McCain told his captors he would accept freedom only if the other POWs — many of whom had been there long before him — were released as well, Callender said. But his request was denied.
From there, McCain was severely tortured, did not receive proper medical treatment for his injuries and was forced into two years of solitary confinement, Callender said.
“That was common back then — they did not get him good medical treatment for a long time,” Callender said, adding that McCain was not fed well and lived in deplorable conditions during his time as a POW.
“He was by far in the worst condition out of everyone who arrived there,” Sherwood added. “It’s a testament to his heroism.”
In March 1973, after years of torture, McCain and other POWs were released. He later received the Silver Star, Bronze Star, Purple Heart and Distinguished Flying Cross.
“It changed him,” Callender said. That experience taught him “everyone has a breaking point.”
Even in the harsh conditions, McCain remained even-keeled through the whole experience, even boosting the morale of his fellow POWs, Sherwood said.
"It changed him."
“As a historian, I always found it interesting that he didn't really talk about it [his time as a POW] unless asked,” Sherwood said, suggesting McCain’s mentality was different than that of many other former POWs he’s studied. “He saw it as part of his service to the country, and didn’t want to dwell on past service but what he could do today, here and now.”
Return to duty
Aside from the mental impact, McCain’s time as a POW left him physically changed as well, meaning he could have been medically discharged from the Navy.
But he wanted to fly again.
After months of intensive physical therapy, McCain was selected as commanding officer at Cecil Field in Jacksonville, Fla.
There, McCain led attack squadron VA 174 and was tasked with training new pilots to fly an A7 aircraft, a heavier attack aircraft than the ones McCain flew during the Vietnam War.
When McCain first arrived, the squadron was known for its poor safety record, among other things. But McCain wanted to change its reputation — and he did, Callender said.
“He reassigned people, took parts from broken aircraft to fix others — it was his forceful personality and sheer will that dragged his command along. It ended up being a drastic improvement.”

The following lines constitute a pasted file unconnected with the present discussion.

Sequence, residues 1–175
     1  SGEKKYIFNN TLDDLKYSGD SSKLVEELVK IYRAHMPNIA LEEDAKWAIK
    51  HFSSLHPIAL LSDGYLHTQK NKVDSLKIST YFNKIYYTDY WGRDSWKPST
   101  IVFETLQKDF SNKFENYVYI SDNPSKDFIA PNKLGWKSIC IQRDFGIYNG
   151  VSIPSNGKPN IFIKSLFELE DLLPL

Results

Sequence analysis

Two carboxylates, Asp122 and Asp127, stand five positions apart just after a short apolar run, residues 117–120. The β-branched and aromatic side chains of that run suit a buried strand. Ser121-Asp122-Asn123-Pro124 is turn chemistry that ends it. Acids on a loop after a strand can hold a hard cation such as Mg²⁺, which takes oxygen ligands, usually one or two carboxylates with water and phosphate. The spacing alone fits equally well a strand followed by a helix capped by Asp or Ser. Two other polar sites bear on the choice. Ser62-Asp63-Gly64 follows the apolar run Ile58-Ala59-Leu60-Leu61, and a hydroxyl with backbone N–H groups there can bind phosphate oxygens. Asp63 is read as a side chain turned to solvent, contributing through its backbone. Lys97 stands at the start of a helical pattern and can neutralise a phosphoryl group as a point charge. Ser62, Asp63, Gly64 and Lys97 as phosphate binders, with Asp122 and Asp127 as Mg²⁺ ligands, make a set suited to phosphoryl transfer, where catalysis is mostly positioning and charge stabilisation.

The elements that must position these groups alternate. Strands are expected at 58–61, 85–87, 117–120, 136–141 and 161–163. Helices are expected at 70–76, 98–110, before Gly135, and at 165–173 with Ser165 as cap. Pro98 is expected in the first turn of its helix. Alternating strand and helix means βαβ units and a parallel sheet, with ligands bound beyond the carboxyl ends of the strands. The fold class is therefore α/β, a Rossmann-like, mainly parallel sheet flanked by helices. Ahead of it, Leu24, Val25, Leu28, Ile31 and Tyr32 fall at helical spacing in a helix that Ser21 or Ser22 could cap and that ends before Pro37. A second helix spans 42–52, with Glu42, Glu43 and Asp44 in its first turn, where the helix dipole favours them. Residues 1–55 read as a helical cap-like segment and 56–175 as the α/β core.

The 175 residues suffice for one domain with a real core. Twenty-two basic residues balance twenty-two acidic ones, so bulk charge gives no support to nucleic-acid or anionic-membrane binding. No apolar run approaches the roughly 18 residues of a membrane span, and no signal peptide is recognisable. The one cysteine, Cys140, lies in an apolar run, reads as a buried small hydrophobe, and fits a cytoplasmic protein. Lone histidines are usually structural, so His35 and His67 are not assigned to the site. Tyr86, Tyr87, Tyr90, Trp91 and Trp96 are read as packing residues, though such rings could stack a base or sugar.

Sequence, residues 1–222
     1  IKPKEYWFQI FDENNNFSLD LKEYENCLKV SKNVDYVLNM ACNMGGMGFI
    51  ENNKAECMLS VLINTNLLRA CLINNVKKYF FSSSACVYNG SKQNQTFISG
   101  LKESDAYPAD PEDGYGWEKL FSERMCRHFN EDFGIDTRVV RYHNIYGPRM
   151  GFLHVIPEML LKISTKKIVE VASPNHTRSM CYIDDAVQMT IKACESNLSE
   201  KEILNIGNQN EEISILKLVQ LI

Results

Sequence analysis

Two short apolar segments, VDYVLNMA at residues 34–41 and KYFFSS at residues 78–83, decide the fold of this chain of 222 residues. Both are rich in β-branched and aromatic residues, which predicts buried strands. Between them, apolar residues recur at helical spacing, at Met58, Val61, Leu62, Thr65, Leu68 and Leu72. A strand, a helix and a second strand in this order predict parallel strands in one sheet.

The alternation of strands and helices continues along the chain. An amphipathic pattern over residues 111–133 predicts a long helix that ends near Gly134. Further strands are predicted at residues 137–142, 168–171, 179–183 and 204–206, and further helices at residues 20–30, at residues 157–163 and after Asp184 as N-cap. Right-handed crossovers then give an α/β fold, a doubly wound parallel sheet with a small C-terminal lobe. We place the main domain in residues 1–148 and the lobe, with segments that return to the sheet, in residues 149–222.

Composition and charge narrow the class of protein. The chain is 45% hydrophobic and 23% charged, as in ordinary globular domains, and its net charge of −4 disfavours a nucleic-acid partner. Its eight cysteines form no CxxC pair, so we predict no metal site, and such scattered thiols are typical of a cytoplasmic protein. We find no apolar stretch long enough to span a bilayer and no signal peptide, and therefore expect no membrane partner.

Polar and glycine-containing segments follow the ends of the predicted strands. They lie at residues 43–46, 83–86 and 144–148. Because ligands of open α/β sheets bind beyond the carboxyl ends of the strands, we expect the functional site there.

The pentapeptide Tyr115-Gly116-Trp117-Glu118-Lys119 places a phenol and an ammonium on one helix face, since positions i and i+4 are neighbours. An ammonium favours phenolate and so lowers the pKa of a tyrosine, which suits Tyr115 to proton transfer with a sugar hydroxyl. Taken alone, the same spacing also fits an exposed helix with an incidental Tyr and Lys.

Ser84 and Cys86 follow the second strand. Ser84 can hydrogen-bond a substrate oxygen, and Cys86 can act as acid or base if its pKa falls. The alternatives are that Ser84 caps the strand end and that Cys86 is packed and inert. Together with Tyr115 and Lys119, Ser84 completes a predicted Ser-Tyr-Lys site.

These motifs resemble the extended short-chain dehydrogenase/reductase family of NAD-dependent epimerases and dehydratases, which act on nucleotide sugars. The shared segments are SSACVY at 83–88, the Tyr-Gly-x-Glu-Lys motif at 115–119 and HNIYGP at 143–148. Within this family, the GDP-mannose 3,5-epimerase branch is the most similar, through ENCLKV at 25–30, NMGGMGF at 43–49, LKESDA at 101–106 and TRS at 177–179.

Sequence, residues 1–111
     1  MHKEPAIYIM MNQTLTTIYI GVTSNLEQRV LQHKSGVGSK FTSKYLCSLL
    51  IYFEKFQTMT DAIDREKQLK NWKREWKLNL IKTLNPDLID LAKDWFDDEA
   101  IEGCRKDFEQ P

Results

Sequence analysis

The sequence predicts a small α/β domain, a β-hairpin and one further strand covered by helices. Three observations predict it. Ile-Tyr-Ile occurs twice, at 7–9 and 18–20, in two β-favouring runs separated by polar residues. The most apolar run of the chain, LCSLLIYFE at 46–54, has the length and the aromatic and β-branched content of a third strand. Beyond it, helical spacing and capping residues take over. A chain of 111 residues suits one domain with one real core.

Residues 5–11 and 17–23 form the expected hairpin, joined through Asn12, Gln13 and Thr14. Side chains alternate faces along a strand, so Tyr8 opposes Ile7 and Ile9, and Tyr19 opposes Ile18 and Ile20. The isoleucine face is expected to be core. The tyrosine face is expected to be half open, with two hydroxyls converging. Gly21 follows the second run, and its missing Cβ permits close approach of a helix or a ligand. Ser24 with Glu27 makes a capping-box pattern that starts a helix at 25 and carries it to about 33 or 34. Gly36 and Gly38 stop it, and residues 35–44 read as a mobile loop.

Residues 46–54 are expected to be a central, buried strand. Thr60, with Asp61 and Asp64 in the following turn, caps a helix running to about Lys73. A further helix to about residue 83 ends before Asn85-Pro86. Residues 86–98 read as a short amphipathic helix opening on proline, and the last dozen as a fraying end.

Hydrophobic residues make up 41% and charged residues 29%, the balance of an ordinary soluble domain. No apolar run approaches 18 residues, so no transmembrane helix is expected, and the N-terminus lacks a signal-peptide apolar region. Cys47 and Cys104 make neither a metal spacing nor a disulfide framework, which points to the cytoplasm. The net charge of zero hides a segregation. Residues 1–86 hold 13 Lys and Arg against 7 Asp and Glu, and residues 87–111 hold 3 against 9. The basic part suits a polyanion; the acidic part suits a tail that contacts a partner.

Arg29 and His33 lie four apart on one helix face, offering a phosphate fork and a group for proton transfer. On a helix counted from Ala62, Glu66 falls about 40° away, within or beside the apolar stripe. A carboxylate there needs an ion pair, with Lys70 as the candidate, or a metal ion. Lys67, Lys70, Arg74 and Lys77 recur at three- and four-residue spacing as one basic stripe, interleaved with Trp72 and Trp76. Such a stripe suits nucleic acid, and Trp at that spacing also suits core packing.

Under McCain’s command, the squadron won the Aviation Safety Award for having the most number of flight hours without an accident, Callender said.
Callender said McCain’s leadership during this time proved “his ability to get people to do things.”
A new chapter
In 1976, McCain started his “next chapter," Callender said. That year, he was appointed to be the Navy’s liaison to the U.S. Senate, a position he served in until 1981.
“He saw how he could help the Navy from that angle,” Callender said, adding that McCain was a huge proponent of a strong military from the moment he stepped into the role.
Later, McCain was elected to the U.S. House of Representatives and then the U.S. Senate. During this time in his career, McCain earned the nickname "Maverick" for his willingness to disagree with his party on critical issues. (For instance, McCain famously disagreed with President Ronald Reagan’s decision to deploy more troops to Lebanon in 1983.)
“McCain opposed Reagan’s decision because he felt that the troops wouldn’t have enough tools and support to win — much like in Vietnam,” Callender said. “[He was] always breaking the rules and pushing boundaries for what he felt was important."
National Defense Authorization Act
In 2017, McCain, who served as chairman of the Senate Armed Services Committee, was a key player behind the National Defense Authorization Act.
President Trump signed the Act on Dec. 12, 2017. It was one of McCain’s last efforts to rebuild the military, thus making the legislation so poignant, Callender said.
“As we move forward with consideration of the NDAA, I stand ready to work with my colleagues on both sides of the aisle to pass this important legislation and give our military the resources they need and deserve. We ask a lot of our men and women in uniform, and they never let us down. We must not let them down. Their service represents the best of our country, and this Congress should always honor their sacrifice,” McCain said on the Senate floor in September 2017.
One of the 'great naval figures of the 20th century'
McCain had “tough” legacies to live up to, Callender said, citing the senator's father and grandfather. But “he always felt he could do more good on the politics side."
Overall, Callender thinks McCain did more in Congress for the military than he ever could’ve done by staying in the Navy.
“His legacy will be felt much more than his grandfather’s or father’s as time goes on,” Callender said.
McCain is "one of the great naval figures of the 20th century and someone who the Navy looks up to today as a symbol of heroism and a symbol of the sailor triumphing over adversity,” Sherwood added.
In the end, McCain “may not have had the impact he’s had if it had not been for his experiences," Callender said. "He has never been what people want to hear. But whether you agreed with him or not, he was always fighting for what he believed and what he was passionate about."